Eventually, the dogs would even salivate when the experimenter entered the room. This phenomenon demonstrated that the dogs had learned to anticipate the food being presented. Classical conditioning became defined as the presentation of a neutral stimulus along with a stimulus of some significance (the “unconditioned” stimulus).
I will be applying various theories of learning to a case involving a 4 year old girl who was frightened by the dramatic events surrounding a kitchen fire in her home, and who now has a dramatic emotional response each day at noon, when a local siren sounds.
As couple A and B exit their condo block to go for a morning walk (US) to get their exercise (UR), down Leon Avenue, they see couple C and D enter into a gymnasium several doors down (CS), which they are intending to pass on this particular morning’s walk.
I aim to read a watercolor painting book and I need to condition myself to read it every day. My goal is to read each chapter of this book and to apply skills mentioned there. I will use conditioned stimulus to achieve my desired conditioned response of reading the watercolor painting book.
Because of this addiction, I sacrifice sleep and other extra-curricular activities, although I make sure that I do not sacrifice my studies by playing. Lately, however, I have been increasing my play hours and this is bothering me. I want to decrease my hours of play to only 2 hours during school days and 3 hours during non-school days.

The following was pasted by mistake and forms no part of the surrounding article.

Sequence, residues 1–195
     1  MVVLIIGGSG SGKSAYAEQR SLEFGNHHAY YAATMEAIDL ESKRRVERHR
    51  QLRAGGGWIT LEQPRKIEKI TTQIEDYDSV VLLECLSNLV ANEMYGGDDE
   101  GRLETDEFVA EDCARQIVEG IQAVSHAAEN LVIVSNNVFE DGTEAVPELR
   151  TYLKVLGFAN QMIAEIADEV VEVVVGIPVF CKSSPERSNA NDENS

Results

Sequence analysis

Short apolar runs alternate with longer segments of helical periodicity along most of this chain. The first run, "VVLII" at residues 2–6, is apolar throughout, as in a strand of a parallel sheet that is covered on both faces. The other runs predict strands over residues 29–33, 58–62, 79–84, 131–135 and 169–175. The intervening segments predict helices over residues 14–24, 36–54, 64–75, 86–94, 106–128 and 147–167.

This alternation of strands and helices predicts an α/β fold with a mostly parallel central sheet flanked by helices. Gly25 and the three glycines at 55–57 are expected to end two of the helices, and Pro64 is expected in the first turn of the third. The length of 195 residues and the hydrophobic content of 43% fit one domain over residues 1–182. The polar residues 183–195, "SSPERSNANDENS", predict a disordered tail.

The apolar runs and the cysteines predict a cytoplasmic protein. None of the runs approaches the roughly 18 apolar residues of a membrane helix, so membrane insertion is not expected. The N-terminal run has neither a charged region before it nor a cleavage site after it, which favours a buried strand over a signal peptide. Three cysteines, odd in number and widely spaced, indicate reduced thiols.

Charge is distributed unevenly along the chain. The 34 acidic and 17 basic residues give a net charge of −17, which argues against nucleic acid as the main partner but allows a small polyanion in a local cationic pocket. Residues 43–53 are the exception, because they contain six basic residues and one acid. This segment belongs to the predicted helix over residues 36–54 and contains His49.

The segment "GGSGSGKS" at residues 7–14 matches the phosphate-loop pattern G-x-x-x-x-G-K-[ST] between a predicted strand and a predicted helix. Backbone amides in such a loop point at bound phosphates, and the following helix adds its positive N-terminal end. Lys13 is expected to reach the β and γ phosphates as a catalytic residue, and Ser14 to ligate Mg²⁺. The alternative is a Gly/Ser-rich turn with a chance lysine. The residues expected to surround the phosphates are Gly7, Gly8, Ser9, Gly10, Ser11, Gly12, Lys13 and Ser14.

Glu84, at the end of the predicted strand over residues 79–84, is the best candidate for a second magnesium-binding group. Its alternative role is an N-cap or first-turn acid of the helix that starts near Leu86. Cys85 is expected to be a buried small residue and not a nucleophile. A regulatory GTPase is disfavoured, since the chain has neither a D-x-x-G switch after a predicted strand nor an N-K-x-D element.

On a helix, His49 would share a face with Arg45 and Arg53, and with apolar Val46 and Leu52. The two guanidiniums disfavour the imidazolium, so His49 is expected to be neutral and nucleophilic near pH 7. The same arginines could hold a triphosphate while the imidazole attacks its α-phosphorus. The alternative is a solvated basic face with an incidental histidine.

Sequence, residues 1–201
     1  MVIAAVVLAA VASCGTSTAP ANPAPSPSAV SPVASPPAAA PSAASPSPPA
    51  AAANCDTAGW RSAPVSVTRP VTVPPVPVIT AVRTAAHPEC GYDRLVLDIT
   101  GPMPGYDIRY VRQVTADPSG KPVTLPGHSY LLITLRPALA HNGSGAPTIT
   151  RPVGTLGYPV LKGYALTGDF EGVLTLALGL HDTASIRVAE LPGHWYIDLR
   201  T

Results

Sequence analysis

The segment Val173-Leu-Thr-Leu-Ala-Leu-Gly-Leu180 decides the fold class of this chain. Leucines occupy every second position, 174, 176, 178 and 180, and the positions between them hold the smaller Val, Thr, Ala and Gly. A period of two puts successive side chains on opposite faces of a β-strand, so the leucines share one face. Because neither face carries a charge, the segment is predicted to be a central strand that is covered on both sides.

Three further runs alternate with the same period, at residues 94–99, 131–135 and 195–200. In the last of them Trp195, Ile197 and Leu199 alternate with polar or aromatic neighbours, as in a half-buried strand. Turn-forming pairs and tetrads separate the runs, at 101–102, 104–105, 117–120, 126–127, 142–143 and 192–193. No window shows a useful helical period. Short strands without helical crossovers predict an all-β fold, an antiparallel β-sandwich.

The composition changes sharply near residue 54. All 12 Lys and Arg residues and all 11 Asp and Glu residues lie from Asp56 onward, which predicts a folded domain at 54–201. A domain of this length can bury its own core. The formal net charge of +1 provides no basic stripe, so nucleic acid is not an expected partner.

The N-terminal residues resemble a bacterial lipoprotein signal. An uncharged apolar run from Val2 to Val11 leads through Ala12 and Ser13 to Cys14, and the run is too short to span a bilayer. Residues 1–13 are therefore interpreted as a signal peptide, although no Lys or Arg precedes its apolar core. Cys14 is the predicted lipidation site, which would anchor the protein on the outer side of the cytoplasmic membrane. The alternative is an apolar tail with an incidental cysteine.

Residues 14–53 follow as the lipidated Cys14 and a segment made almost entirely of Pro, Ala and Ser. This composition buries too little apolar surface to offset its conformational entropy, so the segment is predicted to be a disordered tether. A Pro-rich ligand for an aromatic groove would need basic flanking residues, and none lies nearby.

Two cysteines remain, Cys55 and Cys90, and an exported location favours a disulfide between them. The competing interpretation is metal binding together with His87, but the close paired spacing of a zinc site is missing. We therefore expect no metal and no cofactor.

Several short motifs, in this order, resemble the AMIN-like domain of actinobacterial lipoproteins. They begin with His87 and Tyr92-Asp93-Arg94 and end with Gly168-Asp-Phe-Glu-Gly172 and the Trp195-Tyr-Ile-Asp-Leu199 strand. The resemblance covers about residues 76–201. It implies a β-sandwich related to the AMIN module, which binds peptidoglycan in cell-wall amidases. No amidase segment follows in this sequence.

Associative learning happens when people or animals connect stimuli with responses (Lilienfeld et al., 2010, p. 182). These responses to stimuli can be removed, however, through the process of extinction. Extinction demonstrates that learned responses that are not reinforced right away will slowly lose its impact on animal/human behaviors (Lilienfeld et al., 2010, p.
It is a learning procedure which generally takes place through alliances between a naturally happening stimulus and an ecological stimulus. It has been apparently observed that the chief constituent present in classical conditioning is association. It implies that if in excess of one stimulus is constantly experienced together then they would become associated.
The process of learning to meet the demands of the environment is called conditioning. Conditioning is basically of two types i.e., Respondent Conditioning and Operant Conditioning.
According to Pierce and Cheney "Respondent conditioning occurs when a neutral or meaningless stimulus is paired with an unconditioned stimulus" example being salivation of dog when food is placed at its mouth.
He provided the dogs with food, and monitored their salivary response and then he began ringing a bell just before presenting the food. He noticed that the dogs would begin to salivate on seeing his assistant carrying food pans even before he presented the
irst inferred that learning resulted from an individuals interactions with the environment whereas; the other assumption credited the environment for influencing behaviors. In addition, behaviorists discredited the use of internal mental states such as thoughts, feelings as a